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Writing About Reading

Writing About Reading
Posted on 02/13/2015
from Sara-Jane Rogers, Literacy Coach

In a previous Broadside column called “Reading is Thinking,” I wrote about an important School Improvement goal: Improving students’ deeper reading comprehension. Baldwin students think and talk about reading on a daily basis in order to deepen their understanding. This happens during teacher read-alouds, small group reading lessons and during social studies and science as students read and comprehend non-fiction texts. It even occurs during math, for example, when students are engaged in solving story problems and must thoroughly understand the question(s) they are being asked before they can do the math.

A high leverage strategy supported by educational research for helping students deepen their comprehension is writing about reading. In addition to the thinking and talking about reading that happens daily in classrooms, we expect students to be writing frequently about their reading, explaining their thinking. This year, Baldwin teachers have been collaborating within and across grades to think about and plan writing about reading routines and lessons. A few classroom examples I’ve seen recently are:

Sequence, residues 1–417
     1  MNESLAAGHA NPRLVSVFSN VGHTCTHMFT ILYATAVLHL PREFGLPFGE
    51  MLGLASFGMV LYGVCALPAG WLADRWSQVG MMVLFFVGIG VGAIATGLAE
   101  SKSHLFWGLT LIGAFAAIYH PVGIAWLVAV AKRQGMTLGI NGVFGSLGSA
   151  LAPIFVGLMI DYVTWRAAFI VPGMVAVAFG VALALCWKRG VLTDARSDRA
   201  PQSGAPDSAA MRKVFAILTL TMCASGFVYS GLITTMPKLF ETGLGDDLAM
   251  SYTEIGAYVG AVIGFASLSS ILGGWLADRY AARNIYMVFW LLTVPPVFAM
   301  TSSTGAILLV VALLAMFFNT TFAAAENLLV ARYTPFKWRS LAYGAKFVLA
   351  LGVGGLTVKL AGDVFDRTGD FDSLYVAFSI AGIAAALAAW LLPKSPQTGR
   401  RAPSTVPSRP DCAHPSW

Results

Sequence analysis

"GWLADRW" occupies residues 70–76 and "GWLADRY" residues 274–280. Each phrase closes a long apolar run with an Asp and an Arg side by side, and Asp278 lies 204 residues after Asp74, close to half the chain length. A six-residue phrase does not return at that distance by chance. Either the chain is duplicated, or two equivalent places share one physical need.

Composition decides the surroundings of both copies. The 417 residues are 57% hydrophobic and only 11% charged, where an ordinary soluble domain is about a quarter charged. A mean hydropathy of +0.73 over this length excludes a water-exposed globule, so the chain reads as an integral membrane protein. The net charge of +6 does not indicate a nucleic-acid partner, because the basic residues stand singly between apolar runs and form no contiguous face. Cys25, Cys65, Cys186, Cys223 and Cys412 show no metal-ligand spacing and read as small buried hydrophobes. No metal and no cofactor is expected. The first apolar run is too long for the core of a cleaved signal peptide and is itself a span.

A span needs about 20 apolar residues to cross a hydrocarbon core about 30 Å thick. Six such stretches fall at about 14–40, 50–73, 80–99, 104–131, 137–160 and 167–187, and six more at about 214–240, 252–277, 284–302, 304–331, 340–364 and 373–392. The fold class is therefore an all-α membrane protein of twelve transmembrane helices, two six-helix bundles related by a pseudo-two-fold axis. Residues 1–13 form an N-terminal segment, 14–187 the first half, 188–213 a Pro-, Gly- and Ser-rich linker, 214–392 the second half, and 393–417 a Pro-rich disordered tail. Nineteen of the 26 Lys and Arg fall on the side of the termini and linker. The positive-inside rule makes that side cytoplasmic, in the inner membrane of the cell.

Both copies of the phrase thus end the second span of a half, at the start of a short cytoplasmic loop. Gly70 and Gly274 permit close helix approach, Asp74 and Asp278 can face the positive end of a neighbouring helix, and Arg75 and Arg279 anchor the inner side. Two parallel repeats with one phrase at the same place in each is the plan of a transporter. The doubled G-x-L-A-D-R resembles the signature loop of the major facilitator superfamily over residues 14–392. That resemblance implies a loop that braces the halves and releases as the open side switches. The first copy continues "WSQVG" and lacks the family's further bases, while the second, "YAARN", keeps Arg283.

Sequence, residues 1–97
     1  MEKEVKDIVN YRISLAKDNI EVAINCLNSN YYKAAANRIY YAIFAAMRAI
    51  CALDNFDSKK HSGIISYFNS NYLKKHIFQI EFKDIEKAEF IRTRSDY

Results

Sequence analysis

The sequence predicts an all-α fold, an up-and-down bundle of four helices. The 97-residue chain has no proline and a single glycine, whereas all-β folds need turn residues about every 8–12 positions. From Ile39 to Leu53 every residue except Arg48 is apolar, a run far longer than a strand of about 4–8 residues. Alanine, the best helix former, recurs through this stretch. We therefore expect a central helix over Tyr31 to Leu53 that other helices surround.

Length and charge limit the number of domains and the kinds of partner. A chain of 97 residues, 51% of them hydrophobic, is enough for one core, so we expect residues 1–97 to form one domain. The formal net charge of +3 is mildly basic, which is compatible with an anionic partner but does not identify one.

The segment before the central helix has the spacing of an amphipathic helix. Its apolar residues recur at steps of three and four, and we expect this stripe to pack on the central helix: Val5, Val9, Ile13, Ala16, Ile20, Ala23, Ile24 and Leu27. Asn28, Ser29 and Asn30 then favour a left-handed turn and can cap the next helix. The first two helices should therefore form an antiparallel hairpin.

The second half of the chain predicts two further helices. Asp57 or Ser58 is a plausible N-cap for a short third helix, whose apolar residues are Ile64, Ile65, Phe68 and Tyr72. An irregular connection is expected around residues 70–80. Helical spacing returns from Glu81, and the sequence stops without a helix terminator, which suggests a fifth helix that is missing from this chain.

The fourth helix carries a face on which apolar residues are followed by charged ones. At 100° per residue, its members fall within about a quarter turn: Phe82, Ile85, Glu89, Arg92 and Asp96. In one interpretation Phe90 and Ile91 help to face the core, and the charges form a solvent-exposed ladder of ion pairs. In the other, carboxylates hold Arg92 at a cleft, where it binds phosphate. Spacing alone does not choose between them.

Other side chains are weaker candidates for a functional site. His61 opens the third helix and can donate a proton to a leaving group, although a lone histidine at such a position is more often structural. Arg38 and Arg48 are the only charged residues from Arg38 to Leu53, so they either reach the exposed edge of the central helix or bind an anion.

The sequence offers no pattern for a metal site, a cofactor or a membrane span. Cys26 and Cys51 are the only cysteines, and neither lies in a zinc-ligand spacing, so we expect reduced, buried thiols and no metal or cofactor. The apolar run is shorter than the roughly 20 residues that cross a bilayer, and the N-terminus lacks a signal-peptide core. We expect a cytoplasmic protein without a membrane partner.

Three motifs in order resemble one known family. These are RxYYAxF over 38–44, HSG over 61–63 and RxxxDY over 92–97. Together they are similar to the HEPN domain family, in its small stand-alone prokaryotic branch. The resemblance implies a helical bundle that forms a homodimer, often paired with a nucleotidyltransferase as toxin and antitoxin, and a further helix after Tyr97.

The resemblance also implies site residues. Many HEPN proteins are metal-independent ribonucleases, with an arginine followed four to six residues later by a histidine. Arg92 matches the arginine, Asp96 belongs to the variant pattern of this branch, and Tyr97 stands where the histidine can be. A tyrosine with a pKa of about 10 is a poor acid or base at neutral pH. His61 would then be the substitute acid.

Kindergarten/Grade 1
After hearing several teacher read-alouds, students engage in a shared writing experience in which the teacher records their thinking on chart paper about ideas common to the books. Students draw and write about what they think might happen next in a story they listen to at the listening center.

Grade 2/3
Students write a letter to the teacher identifying character traits of the main character and provide two examples from the text to back up their thinking.

Grade 4/5
Students choose a significant quote from a book and tell what it says about a character. Students exchange letters with the teacher discussing their independent reading book, providing evidence from the text to support their thinking.

How can parents help at home? Most importantly, be sure your child is reading and/or being read to every day at home. Express interest in what he or she is reading and ask questions that push their thinking. Questions that will help your child provide evidence from the text to support their thinking are, “What makes you think that?” and “Can you tell me something from the book that makes you say that?” The discussions you have at home about books will support your child in becoming a deeper thinker about reading.